Texas Plains IPM: Cotton – Fleahoppers Biggest Concern; Pests Rising in Corn, Sorghum

    Cotton fleahoppers on squaring stem. Photo: Stephen Biles, Texas AgriLife Extension

    General Status

    For the first week since the start of planting season, we did not have a damaging weather event. It was not too cold, too windy, or too wet and we did not have a major hail or flash flood event that I am aware of. We are starting to rack up some heat units, but highs have not been on the outrageous side yet.

    There was some moisture in the area this week in the form of something that could actually be described as cotton showers. Most rain amounts range from a trace up to nearly 1” for a lucky few fields with plenty of areas that missed all the moisture. It seems that most fields that caught the rain had around 0.3”.

    Quite a bit of field work not involving replants were finally ongoing with regularity. Despite several weeds being larger than we would like, control still looks pretty good. In the absence of harsh weather and with good temperatures our cotton is developing well but remains late. Our grain crops, many replanted and technically late also, continue to develop well with a few older area fields entering key developmental stages and peak water use just as the summer heat and the usual drought conditions it brings become more widespread.

    Area dryland fields not catching higher amounts of the earlier moisture or rainfall this week are showing the early signs of real stress. Pests are active enough in our scouting program fields that is suspect some area fields likely need to be treated but none have not reached ET (economic threshold) in our fields yet.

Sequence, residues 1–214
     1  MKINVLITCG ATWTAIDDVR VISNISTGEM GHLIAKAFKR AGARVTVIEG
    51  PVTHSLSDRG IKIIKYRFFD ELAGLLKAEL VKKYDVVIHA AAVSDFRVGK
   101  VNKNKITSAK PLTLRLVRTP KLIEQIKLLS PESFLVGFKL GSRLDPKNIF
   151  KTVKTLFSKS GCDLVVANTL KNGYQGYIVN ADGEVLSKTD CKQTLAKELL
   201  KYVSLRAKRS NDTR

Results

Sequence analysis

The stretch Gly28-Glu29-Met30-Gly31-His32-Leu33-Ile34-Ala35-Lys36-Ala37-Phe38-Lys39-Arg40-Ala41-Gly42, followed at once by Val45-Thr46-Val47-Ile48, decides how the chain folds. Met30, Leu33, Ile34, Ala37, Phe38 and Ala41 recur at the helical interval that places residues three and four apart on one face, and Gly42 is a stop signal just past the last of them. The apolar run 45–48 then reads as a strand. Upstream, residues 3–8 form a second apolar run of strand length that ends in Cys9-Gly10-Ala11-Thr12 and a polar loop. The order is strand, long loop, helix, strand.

Not surprisingly, no July 4th blooms were in sight for our scouting program cotton. It did range in stage from a very late 4th true leaf stage up to an optimistic ¼ grown square with most fields now sporting pinhead and match-head squares.

    AgFax Weed Solutions

    Fleahoppers were our main pest of concern with thrips either being behind us as plants develop past susceptible stages or with populations too light to be a concern for the latest of our fields. We found fleahoppers of both the usual green and black type we became familiar with last season in about 1/3 of our fields with the highest populations coming in at about 20% terminal infestations. We also found square drop in most fields. Most of this drop is weather related, but there was a notable increase where the fleahoppers were present.

    In our highest fleahopper fields, the plant bugs were in pockets where drop could reach as high as 25% but they did not cover the whole or even majority of these fields with ample areas sporting none or less than 5% drop. Unless beneficial populations intervene, the fleahoppers may very easily spread across these whole fields very soon. Currently I do not see enough predators in our cotton fields to prevent plant bug issues if this trend continues.

    Lygus, despite some misidentification from our field scouts, remain absent from our fields at this time. This can change rapidly once plant bug movement is initiated.

    With the recovery and development of our surviving cotton, I am getting quite a few questions about “speeding the late crop up” with PGRs. While we might very well be a bit more aggressive with PGRs this season, this is a good time to review what they actually are and what they can and cannot do.

    PGR use in Cotton…

    First off, PGRs do not increase lint yield or advance maturity in and of themselves. PGRs are synthetic plant hormones, period. Gibberellins are the most utilized or targeted plant hormone in most PGRs. Naturally occurring gibberellins regulate vegetative growth and promote cell division and expansion. With larger synthetic applications of PGRs, gibberellins are reduced in the plant for a time, which then prevents the newly developed and developing cells from elongating to their full potential length during rapid growth periods when water is abundant.